Welcome to AAPK
and congratulations on having a family heirloom knife. Those are really special!
You've asked enough good questions to require an entire essay to answer them all so I'll try to be brief. Your knife doesn't appear from the pictures to be badly rusted. The veteran collectors here on AAPK have stuff we've purchased especially for knife cleaning. I'm gonna assume you don't have any of that, so my recommendations will use stuff you likely have on hand.
First I'd apply a thin coat of light oil (like 3-in-1 for example) to the blades. Let it soak in for a few minutes or so, then rub it off with a soft cloth. Much of the rust will disappear. If any remains use a sharpened number 2 lead pencil, rub on the rust with the "lead". This is a very mild, fine textured abrasive. Wipe it off, repeat as needed.
If that still doesn't remove it, turn the pencil around and use the eraser end. This is a more aggressive abrasive but still fairly mild. Rub the offending spots with the eraser, gently at first. Don't rub any harder than you have to! Wipe the blade after each attempt to see if you can stop. Don't do any more than you have to. Don't rub on any areas that are not tarnished.
If you have any metal polish, such as Mothers Mag, Semi-chrome, Flitz, or similar, use as directed. I doubt you'll need anything more aggressive on the pictured knife. If there is any dirt, lint, etc in the blade wells it can be removed with a cotton swab, or a soft cloth or tissue on the end of a match stick or broken toothpick. Some rubbing alcohol or light oil on the swab may help and won't hurt anything in the blade wells, just be sure to keep it off the handles, which, given its age, I suspect may be celluloid. (See here for some techniques for confirming celluloid viewtopic.php?f=4&t=50712&p=542630&hilit=Celluloid#p542630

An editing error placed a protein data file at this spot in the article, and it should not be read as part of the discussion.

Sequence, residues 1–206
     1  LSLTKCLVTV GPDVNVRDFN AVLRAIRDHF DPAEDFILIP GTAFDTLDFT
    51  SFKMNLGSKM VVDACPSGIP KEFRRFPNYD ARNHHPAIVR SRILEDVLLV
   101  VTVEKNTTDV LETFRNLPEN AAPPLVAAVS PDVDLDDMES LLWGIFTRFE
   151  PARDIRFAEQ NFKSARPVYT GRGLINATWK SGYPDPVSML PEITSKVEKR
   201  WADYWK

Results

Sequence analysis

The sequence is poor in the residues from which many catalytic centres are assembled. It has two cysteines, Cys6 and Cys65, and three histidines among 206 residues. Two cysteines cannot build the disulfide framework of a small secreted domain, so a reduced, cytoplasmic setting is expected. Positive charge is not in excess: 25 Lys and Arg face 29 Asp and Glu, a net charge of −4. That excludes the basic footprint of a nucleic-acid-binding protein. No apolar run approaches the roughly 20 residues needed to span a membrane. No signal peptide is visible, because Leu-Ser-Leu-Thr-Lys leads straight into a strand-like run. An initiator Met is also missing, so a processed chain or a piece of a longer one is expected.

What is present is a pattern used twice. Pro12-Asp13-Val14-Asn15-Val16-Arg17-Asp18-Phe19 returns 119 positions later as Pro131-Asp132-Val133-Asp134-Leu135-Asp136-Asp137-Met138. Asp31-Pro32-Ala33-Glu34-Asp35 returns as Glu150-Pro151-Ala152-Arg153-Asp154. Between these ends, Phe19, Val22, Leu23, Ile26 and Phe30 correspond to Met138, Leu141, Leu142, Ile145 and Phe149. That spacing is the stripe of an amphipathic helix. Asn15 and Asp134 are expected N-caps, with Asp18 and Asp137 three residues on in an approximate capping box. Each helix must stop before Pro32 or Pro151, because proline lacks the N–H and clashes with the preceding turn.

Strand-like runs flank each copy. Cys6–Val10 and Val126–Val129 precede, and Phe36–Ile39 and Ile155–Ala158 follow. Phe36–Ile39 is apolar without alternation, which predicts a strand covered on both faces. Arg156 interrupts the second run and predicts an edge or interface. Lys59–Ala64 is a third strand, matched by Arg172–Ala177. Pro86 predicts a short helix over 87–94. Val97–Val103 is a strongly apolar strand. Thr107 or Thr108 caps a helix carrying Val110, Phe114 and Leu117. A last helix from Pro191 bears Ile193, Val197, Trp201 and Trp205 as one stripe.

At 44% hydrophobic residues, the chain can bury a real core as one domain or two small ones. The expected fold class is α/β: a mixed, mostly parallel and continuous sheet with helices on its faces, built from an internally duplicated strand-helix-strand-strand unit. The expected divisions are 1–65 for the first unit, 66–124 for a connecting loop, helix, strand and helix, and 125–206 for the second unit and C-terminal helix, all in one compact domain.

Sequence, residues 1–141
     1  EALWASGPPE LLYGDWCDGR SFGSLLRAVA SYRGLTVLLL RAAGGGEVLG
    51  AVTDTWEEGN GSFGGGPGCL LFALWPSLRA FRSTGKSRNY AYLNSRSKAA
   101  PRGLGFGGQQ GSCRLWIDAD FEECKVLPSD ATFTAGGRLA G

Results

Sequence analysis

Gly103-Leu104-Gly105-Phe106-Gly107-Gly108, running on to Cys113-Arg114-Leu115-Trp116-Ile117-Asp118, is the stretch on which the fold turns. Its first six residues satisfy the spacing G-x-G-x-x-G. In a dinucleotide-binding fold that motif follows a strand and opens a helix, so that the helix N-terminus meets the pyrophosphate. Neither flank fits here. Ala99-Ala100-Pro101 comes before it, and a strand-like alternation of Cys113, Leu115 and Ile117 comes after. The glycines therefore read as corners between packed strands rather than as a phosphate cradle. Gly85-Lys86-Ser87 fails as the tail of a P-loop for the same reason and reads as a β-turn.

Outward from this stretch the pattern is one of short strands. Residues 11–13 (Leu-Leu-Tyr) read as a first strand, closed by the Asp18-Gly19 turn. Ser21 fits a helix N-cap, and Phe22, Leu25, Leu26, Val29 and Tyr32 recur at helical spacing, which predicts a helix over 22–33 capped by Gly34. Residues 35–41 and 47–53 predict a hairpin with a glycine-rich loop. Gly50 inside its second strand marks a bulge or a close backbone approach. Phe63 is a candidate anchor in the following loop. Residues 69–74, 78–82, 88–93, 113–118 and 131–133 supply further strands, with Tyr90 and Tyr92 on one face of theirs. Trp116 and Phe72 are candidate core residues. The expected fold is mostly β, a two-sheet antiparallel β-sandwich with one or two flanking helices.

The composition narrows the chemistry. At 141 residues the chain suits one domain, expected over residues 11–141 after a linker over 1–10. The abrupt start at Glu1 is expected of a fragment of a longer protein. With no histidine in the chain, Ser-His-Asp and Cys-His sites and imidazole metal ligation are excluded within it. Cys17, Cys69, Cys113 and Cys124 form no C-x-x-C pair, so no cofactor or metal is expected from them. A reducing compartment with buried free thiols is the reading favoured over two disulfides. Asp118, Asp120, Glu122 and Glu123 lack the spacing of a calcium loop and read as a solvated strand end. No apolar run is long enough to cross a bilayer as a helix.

. Havent tried these personally - you're on your own there!):lol:
Go slow, be patient. A little slip or going too far too fast without checking your progress can inflict damage that can't be reversed. When you've finished wipe the blades with a light coat of oil, put a drop (one drop) into each blade hinge and work the blade open and closed a few times. Wipe off any excess. You're done! I doubt your knife will require anything more extensive than what I've outlined but just in case it's more severe, see this AAPK thread for recommendations. viewtopic.php?f=38&t=47909
If you decide to carry it, given that it's an heirloom I'd get a knife pouch to place the knife in while its in your pocket. Similar to these https://www.etsy.com/shop/CIRKLEBLEATHER/items
, or these https://www.knifecenter.com/item/SK803/ ... ix-pouches
. Or you can make your own out of felt, if you can sew a little (or know somone who can do it for you). This will protect it from banging around and being scratched by other stuff in your pocket, like keys and coins.
Member AKTI, TSRA, NRA.
That men do not learn much from the lessons of history is the most important of all the lessons of history.
- Aldous Huxley